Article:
Emily Dickinson's major ideas are readily available to us in her poems and letters, but on first reading, they form complicated and often contradictory patterns. This is not surprising; her world was insular and small, and she was highly introspective. In addition, her work has its roots in the culture and society of her times, but though these can be explored extensively and many parallels can be established between her statements and various literary and religious documents, the poems create more mutual illumination than does Emily Dickinson's background itself. Orthodox Protestantism in its Calvinistic guise was the major underpinning of nineteenth-century Amherst society, though it was undergoing shocks and assaults. This New England faith, often called Puritanism, was based on the idea of man as being sinful and unregenerate and completely at the mercy of a loving but arbitrary God. Salvation was by predestined election (it lay entirely in the will of God), but acceptance of God's will, and renunciation of the world for Christ, were paramount for proof of piety and peace of soul. Worldly success and religious faith were taken as signs of salvation but not as its causes. In Dickinson's time, this faith was wearing thin, and material success had long replaced deep piety as the real standard for recognizing the elect. This thinning out of faith helped create the ideas of New England Unitarianism and Transcendentalism. Unitarianism having watered down the emotional components of religion, the transcendentalism of Ralph Waldo Emerson and others elevated man's spirituality, self-development, and union with the stream of nature to the level of the divine, without ever quite denying the Godhead. The Puritans had seen God's will everywhere in the signs of nature. In Emerson's footsteps, Whitman, Thoreau, and certainly Emily Dickinson tended to see man's spirit manifested or symbolized in nature, though Dickinson often saw only the human mind reading its feelings into nature. Dickinson was aware of and troubled by the admitted and surreptitious breakdown of faith in her time, and she was dubious of all measures to shore it up. She drew sustenance from new ideas, but sometimes found them shallow. She rejected old ideas, but found in them much emotional correspondence to her own set of mind.
For Dickinson, the crucial religious question was the survival of the soul after death. She rejected absolutely the idea of man's innate depravity; she favored the Emersonian partial reversal of Puritanism that conceived greatness of soul as the source of immortality. The God of the Bible was alternately real, mythical, and unlikely to her. She could neither accept nor reject His assurance of a life beyond death, and her doubts pushed her faintly in the direction of transcendental naturalism or towards mere terror of dissolution. She declares, alternately, faith and doubt with equal vehemence, surely as much because of her own struggles with the idea of and need for fulfillment as because of any intellectual battlement. Her sarcastic comments on the God of the Bible are not necessarily jocular. She was independent minded, but she did not shift her stance in her letters to suit her recipients, nor in her poems presumably, to suit her moods; she was interested primarily in her poetic momentum.
In some sense, Dickinson is almost always a religious poet — if her concerns with human perception, suffering, growth, and fulfillment as directed towards something permanent can be called religious concerns. These concerns are as important for her as are death and immortality, and though they have doctrinal and literary sources, they come chiefly from her observations and reflections on life.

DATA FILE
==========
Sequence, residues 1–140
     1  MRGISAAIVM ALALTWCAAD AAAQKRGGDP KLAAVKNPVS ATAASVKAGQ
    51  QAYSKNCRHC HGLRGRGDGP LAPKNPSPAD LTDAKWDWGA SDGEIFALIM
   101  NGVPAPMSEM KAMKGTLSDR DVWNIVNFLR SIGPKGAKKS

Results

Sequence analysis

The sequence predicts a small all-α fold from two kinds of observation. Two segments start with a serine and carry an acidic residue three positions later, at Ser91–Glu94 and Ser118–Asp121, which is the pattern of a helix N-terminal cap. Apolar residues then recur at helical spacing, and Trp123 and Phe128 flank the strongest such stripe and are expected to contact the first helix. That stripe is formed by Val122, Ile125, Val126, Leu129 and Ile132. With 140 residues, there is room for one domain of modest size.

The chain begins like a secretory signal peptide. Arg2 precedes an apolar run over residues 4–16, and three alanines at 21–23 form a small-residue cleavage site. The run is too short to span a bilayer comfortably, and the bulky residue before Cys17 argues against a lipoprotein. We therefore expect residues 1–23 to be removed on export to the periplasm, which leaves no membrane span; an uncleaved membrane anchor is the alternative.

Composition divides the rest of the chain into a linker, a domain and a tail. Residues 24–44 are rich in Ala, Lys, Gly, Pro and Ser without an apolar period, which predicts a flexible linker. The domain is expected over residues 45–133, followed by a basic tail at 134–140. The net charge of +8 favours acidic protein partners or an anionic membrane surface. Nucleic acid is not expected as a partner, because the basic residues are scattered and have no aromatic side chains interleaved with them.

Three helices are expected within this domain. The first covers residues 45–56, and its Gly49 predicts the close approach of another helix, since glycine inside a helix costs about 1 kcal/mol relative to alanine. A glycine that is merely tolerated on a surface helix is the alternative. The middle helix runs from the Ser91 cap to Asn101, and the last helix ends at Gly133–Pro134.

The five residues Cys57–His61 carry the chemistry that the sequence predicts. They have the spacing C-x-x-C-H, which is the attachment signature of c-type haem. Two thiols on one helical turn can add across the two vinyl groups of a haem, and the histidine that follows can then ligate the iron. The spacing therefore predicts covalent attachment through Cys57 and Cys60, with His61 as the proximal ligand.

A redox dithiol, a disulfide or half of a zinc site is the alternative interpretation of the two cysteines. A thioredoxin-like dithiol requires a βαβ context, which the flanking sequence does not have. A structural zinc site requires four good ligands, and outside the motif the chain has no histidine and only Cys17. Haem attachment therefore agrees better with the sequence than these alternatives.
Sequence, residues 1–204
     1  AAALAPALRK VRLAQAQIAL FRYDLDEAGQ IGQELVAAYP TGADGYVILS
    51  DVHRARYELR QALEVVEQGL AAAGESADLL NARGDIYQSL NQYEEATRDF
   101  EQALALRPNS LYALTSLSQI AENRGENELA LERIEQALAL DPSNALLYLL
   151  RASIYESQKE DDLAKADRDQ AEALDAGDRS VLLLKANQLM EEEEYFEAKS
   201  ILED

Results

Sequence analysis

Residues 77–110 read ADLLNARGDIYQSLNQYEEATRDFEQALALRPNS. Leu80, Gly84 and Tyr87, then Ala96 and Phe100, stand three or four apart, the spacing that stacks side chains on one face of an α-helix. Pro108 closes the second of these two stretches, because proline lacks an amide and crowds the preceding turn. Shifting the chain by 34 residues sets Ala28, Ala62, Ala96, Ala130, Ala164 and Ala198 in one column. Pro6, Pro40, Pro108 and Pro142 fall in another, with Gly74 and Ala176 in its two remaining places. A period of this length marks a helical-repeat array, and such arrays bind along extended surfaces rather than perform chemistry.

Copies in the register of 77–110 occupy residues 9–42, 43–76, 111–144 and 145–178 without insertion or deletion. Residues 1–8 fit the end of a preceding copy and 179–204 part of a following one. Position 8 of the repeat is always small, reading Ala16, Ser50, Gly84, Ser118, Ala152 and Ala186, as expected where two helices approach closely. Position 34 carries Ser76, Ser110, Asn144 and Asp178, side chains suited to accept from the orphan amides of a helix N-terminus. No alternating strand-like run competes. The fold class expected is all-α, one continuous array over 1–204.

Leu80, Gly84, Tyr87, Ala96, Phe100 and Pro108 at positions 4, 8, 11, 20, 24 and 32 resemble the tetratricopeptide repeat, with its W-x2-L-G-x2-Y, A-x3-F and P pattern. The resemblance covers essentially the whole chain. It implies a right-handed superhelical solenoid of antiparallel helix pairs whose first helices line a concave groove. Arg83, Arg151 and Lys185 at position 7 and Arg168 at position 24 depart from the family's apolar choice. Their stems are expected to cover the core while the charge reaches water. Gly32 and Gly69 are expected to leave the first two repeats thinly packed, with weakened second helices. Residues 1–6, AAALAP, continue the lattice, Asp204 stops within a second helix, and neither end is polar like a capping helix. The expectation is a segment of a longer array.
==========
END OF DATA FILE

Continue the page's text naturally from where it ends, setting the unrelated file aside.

Dickinson's reading was comparatively wide, and she knew both the essays and poems of Emerson, as well as Shakespeare, the Bible, the works of George Eliot, Hawthorne, the Brownings, and other earlier and contemporary classics. She alludes often to the Bible, and her combination of dense metaphors with everyday reality sometimes resembles Shakespeare's. However, both the Emersonian cast of her mind, which we will note in several poems, and her darker Puritan strain, were as much a part of the general atmosphere of her culture as of its specific beliefs and its reading matter. Dickinson's literary culture overlaps her religious culture, but the parallels they provide to her work are usually more incidental than revealing.
Although she prided herself on her indifference to broader social concerns, Dickinson does comment occasionally on the social landscape, particularly as it catches her satirical eye. Nature appears widely in her work — as a scene of great liveliness and beauty, as the embodiment of the processes of the universe which may resemble the actions of God and the shape of the human mind, and as an endless source of metaphors and symbols for all of her subjects. Nature, for her, is usually bright and dark mystery, only occasionally illuminated by flashes of pantheism and sometimes darkened by hopeless fatality. Her treatment of nature blends into all of her subjects.
The tradition of classifying Dickinson's poems into thematic groupings for analysis and comparison has been unjustly criticized. As we have remarked, it can contribute to simplification and distortion, but it is more illuminating than approaching the poems by categories of technique or periods in her life, and the danger of simplification can be easily met by a persistent testing of her poems against categories; that is, one can always consider the possibility that they have been misplaced or need to be viewed as part of several categories. For these Notes, we have grouped her poems under five major headings, aware that a few major poems may escape such a classification: (1) Nature: Scene and Meaning; (2) Poetry, Art, and Imagination; (3) Friendship, Love, and Society; (4) Suffering and Growth; and (5) Death, Immortality, and Religion.